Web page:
The Joplin Globe, Joplin, MO

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June 29, 2012

EP helping write ‘new chapter in story’ of energy

JOPLIN, Mo. — Capturing wind and solar energy to create electricity is a key element in the national goal of becoming less dependent on fossil fuels.

But what happens when clouds obscure the sun or the wind is not strong enough to blow out a candle? How can the peaks and valleys of variable output be controlled to create a steady stream of reliable energy?

EaglePicher Technologies, a Joplin-based manufacturer of batteries for space, military and medical applications, has come up with a possible answer to those questions.

On Friday, during a press conference at the manufacturing plant, the company unveiled the PowerPyramid — a hybrid battery that combines old and new technologies to form a cell that fits inside a portable cargo container.

“We are here to acknowledge and participate in the start of a new chapter in the story of the energy industry in the United States and quite possibly the world,’’ said Randy Moore, president of EaglePicher Technologies.

“The ability to store electricity on a mass scale solves a number of problems for our energy future,’’ he said. “For the problem of alternative energy stabilization, when the wind stops blowing or clouds pass across the sky, mass storage fills in the gaps caused by the intermittency or unreliability of alternative energy.’’

Instead of your standard ribbon-cutting ceremony, the system was commissioned with the throwing of a giant switch. After that, Moore offered a champagne toast to the future of Joplin and the jobs that are expected to be created by the new product.

After the commissioning of the battery, Gary Burton, who works as a lobbyist for EaglePicher in Jefferson City, said the potential of the PowerPyramid could be enormous.

“I know that industry is interested in this project,” he said. “They’re interested in anything that can save them money and help them manage their power costs.’’

In addition to creating a steady stream of power from unsteady sources, Moore said the giant batteries can be used to lower the cost of electrical power for an industrial user. Power purchased during daylight hours — the hours of peak demand — can be four to five times more expensive in some areas of the country when compared with the power purchased at night when demand for electrical energy falls.

Said Moore: “For the problem of peak-energy-differential cost, mass electricity storage can store inexpensive energy at night and utilize that energy in the daytime, when it is more expensive because demand is so high relative to generating capacity.’’

Moore said the PowerPyramid is not a product of a startup company. It comes from a company with a long tradition of producing reliable and long-lived batteries. He said the company’s medical implant batteries can last for 10 years. Its batteries for weapon systems can last 20 years.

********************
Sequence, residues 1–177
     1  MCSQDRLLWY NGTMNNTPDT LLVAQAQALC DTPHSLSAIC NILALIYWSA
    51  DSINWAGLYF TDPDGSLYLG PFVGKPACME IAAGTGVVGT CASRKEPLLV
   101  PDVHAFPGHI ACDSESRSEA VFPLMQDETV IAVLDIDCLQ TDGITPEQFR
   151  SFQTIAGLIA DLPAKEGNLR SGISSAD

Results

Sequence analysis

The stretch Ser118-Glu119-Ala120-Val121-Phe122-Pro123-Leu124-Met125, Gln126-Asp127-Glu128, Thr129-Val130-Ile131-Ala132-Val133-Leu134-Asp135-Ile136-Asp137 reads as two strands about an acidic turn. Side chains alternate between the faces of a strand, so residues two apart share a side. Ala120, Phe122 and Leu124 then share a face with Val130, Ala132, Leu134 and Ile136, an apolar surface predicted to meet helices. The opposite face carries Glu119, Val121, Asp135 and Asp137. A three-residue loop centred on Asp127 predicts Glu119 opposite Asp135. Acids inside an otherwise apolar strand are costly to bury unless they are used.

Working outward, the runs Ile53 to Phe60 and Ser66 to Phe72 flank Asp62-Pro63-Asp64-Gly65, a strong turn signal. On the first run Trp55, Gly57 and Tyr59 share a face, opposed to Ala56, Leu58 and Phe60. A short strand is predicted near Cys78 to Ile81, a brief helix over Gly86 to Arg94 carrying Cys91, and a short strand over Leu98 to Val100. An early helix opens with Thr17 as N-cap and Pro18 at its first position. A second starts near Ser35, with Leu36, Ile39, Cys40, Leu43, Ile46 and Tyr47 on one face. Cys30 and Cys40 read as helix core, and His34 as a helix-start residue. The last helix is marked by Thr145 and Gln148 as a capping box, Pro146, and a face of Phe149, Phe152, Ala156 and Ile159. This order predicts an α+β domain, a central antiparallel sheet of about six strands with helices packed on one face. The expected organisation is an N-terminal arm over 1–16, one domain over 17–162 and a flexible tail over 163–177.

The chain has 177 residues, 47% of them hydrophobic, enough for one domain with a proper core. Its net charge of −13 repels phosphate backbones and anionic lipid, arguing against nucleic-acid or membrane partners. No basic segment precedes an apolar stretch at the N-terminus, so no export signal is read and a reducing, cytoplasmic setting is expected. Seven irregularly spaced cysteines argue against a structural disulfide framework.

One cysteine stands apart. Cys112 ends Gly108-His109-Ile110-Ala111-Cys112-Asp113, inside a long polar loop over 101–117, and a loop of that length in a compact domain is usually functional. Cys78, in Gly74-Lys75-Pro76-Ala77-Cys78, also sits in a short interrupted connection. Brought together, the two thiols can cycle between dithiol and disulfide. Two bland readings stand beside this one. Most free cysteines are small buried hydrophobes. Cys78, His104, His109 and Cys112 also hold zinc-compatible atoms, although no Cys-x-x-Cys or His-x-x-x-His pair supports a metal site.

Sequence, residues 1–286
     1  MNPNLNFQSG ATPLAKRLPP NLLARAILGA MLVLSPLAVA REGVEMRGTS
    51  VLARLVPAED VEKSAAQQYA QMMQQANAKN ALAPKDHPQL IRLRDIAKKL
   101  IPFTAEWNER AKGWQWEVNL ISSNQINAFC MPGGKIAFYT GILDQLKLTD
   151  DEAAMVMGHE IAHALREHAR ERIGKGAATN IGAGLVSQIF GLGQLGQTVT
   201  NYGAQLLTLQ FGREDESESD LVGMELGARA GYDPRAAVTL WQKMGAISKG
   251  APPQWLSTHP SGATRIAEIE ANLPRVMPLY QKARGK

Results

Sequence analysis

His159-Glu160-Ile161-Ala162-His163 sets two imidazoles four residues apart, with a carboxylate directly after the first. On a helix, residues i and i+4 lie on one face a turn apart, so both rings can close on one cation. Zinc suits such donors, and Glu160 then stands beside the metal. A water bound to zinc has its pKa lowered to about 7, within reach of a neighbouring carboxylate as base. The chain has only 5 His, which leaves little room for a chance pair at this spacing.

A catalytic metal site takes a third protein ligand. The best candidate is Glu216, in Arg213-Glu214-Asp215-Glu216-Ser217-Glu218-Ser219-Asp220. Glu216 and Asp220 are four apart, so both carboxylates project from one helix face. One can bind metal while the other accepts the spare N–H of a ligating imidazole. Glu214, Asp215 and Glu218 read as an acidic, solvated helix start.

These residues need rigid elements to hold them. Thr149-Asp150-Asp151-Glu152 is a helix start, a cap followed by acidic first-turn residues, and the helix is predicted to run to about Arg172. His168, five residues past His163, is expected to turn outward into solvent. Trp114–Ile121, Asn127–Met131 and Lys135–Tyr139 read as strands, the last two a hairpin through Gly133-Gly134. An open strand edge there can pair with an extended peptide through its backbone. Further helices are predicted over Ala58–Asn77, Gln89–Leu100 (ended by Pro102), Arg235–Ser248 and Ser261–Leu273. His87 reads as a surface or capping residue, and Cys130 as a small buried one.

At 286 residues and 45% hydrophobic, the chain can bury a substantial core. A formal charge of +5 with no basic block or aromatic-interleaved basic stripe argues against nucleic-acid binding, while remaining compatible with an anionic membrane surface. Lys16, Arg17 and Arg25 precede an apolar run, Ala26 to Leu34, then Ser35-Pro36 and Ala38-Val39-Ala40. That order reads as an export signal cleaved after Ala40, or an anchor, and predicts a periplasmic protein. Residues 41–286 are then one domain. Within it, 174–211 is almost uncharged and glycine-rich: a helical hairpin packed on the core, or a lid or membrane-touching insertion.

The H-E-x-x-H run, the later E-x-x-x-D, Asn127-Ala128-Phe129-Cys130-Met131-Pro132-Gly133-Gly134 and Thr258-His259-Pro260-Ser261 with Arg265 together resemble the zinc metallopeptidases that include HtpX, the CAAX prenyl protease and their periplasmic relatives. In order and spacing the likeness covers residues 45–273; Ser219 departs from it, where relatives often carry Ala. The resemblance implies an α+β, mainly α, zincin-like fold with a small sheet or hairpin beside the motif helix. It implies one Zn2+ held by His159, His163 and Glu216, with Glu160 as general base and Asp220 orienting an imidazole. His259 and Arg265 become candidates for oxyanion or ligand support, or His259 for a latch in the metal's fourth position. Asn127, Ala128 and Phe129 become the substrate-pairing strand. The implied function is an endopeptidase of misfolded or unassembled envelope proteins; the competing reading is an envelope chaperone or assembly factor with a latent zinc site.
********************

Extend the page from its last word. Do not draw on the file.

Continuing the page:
“EaglePicher batteries powered the Hubble Telescope for 19 years on a spec anticipated to last five to seven years,’’ he said, noting that EP batteries power the International Space Station and more than 400 orbiting satellites.

Said Moore: “Reliability is pretty important when you’re talking about equipment hooked up to the grid.’’

Ron Nowlin, vice president and general manager of EP Technologies, said the PowerPyramid involves three chemistries to optimize the life of the battery. One layer is lithium ion, a newer and more expensive technology. Three layers are of tubular lead acid and six layers are of lead acid, one of the least expensive and oldest battery chemistries on the market today.

Nowlin said the components for the battery are put through strict quality-control tests at the company’s manufacturing site in the Crossroads Business and Distribution Park. The components are produced in controlled environments that eliminate the potential for contamination. With some of the components, robotic stackers are used to assemble the batteries. X-rays are used to verify that the battery welds are solid.

To test the battery’s operating platform and controls, EaglePicher is using one 10-kilowatt wind turbine and 20 kilowatts of solar generating capacity at its plant.

Nowlin said the platform gives potential buyers of the system an opportunity to observe a functioning unit. A selling feature for the battery will be its flexibility in that it can be designed to deliver varying levels of power in 100-kilowatt building blocks.

The unit at the plant can deliver one megawatt of power for up to two hours. That would be enough energy to operate the Crossroads plant for three to four hours, a company spokesman said. Smaller portable versions of the battery could be developed for military applications. Several cells could be linked together to create a battery as large as a football field.

Patent pending

A patent for the EaglePicher battery is pending.

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